Just wanted to throw a bit more evidence on the fire!
"Why do they keep selling the MBAs if they know the WIFI is messed up?"
This is why I think it is a software issue. On the bottom line is, well, the bottom line. Anything Apple do is based on profit calculations. If they knew this were a hardware issue, they'd have stopped shipments because that would've been the least expensive thing to do. Except, of course, if they know it's a fairly contained issue, and the calculations say that the cost of bad publicity from stopping the shipments would be worse than recalling some thousand devices... Sort of how car manufacturers decide whether to recall a car or pay settlements to grieving families based on what is the most profitable route.
Hmm... Either way, we can always return the thing.
The idea that this is a layered problem (multiple issues) is supported by the rumours that an Apple pilot fix doesn't always fix the problem. And it tends to explain why Apple hasn't announced a fix. There are probably multiple issues -- multiple problems. Their research probably uncovered 1 or more problems and they incorporated that into their fix and some people started working because that was their problem, but there are other issues they couldn't see until they had the more obvious errors solved. I see that all the time with our software. It makes the "problem" which is in reality multiple bugs harder to solve. Often you can only make it better at first.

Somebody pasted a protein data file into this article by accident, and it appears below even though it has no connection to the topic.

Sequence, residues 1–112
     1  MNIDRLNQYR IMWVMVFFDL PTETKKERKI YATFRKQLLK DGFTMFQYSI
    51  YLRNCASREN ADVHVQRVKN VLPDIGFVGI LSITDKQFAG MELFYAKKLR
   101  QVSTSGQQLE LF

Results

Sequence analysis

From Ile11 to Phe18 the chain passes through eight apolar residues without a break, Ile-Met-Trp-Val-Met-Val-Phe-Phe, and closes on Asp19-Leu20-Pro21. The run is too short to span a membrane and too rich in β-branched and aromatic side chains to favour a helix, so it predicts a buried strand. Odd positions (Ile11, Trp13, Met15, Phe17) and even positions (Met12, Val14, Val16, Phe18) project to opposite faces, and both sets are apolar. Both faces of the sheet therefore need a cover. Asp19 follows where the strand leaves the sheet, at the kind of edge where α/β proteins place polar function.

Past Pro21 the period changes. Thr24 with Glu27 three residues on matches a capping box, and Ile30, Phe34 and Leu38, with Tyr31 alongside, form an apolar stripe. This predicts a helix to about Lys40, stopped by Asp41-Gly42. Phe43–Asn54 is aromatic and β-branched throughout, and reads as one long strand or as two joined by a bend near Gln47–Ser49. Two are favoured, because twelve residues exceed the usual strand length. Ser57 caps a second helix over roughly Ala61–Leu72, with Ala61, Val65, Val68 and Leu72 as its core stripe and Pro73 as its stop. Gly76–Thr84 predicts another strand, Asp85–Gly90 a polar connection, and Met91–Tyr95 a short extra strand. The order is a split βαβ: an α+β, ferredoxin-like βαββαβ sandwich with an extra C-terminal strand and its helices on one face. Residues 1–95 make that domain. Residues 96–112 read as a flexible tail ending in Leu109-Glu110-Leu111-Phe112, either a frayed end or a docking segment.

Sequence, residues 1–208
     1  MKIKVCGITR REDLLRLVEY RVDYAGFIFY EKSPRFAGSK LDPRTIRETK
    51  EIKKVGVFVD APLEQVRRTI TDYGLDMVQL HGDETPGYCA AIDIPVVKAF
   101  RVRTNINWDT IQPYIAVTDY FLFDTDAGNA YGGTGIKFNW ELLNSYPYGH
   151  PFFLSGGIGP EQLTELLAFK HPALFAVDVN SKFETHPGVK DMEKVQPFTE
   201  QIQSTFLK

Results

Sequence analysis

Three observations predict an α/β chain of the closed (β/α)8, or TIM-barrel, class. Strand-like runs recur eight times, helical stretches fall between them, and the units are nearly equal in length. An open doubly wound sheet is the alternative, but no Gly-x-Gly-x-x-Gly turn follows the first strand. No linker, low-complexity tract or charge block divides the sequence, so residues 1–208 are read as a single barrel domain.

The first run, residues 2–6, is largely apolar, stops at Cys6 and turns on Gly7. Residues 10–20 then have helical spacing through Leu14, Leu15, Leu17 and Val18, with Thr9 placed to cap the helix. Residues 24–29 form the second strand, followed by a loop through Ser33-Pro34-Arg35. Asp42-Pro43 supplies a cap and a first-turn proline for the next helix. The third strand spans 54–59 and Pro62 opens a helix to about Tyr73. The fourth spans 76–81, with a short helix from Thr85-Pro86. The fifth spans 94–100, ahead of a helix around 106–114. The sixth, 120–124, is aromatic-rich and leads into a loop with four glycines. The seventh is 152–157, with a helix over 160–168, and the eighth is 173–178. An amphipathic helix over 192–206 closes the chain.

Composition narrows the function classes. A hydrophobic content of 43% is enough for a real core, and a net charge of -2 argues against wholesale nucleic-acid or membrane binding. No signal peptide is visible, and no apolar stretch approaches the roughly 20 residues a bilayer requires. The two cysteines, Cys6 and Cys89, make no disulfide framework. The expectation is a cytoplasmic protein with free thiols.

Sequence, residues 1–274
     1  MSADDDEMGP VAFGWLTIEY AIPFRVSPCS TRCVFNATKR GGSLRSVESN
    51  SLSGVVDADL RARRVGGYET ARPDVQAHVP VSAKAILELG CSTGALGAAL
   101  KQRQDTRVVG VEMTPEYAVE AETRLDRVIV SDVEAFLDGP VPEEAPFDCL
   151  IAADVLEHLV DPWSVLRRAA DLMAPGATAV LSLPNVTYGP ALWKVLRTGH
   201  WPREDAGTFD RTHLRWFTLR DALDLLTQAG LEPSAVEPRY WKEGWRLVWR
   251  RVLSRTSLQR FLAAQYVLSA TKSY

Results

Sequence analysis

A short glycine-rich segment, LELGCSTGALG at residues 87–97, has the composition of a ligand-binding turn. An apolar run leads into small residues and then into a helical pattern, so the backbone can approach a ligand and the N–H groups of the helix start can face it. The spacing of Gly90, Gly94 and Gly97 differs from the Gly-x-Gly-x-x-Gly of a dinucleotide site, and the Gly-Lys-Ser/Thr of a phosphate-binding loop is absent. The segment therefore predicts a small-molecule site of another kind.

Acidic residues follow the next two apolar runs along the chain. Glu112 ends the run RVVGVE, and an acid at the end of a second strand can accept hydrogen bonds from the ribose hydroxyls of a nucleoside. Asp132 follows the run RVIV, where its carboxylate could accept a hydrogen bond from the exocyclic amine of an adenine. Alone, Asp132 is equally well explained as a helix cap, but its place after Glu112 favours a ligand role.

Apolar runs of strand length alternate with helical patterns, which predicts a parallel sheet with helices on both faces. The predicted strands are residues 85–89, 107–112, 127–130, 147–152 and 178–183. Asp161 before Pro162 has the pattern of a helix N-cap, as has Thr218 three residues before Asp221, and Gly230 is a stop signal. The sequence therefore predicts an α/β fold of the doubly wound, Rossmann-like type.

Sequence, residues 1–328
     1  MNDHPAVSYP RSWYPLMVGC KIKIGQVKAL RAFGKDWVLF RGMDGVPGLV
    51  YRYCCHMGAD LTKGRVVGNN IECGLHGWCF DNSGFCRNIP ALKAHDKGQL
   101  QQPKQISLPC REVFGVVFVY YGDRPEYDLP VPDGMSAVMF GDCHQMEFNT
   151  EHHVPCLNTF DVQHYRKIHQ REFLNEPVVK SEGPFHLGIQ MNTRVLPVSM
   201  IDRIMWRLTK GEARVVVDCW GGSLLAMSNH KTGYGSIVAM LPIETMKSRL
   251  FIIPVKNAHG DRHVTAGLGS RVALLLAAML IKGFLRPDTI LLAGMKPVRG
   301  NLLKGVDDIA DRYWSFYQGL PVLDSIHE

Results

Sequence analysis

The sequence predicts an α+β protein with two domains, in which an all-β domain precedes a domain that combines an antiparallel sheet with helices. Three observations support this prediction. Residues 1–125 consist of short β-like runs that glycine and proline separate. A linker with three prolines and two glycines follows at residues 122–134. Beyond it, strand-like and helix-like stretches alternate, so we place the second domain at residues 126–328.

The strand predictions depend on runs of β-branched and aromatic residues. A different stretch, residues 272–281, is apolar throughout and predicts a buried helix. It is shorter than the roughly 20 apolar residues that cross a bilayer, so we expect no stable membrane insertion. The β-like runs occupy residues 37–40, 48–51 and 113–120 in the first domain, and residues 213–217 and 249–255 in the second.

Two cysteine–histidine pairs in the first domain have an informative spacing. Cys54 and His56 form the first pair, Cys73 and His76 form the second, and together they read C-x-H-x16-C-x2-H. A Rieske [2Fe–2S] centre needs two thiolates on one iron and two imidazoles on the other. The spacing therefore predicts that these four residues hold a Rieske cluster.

You solve it with a virgin account. Some solve it with a change in security protocol from WPA to WPA2. Some solve it by changing from TKIP. Perhaps everyone doesn't actually have exactly the same problem. You might think this is worrying but it's not really that uncommon, especially as it seems to work with Apple routers. It does seem to indicate inadequate testing though.
To me it tends to indicate that there's nothing about the hardware that is inherently bad -- at least nothing that can't be fixed in software which to me is a good sign. For me, keeping the machine, worst case is that the problem is hardware related, and Apple never fixes it. If that is the case I'll only ever have the issue in some hotel's wifi (which I rarely use) and it might be an issue if I sell the machine. But I still want it fixed and I think it will be fixed -- or at least a large part of the problem will be fixed in such a way as to be far less likely.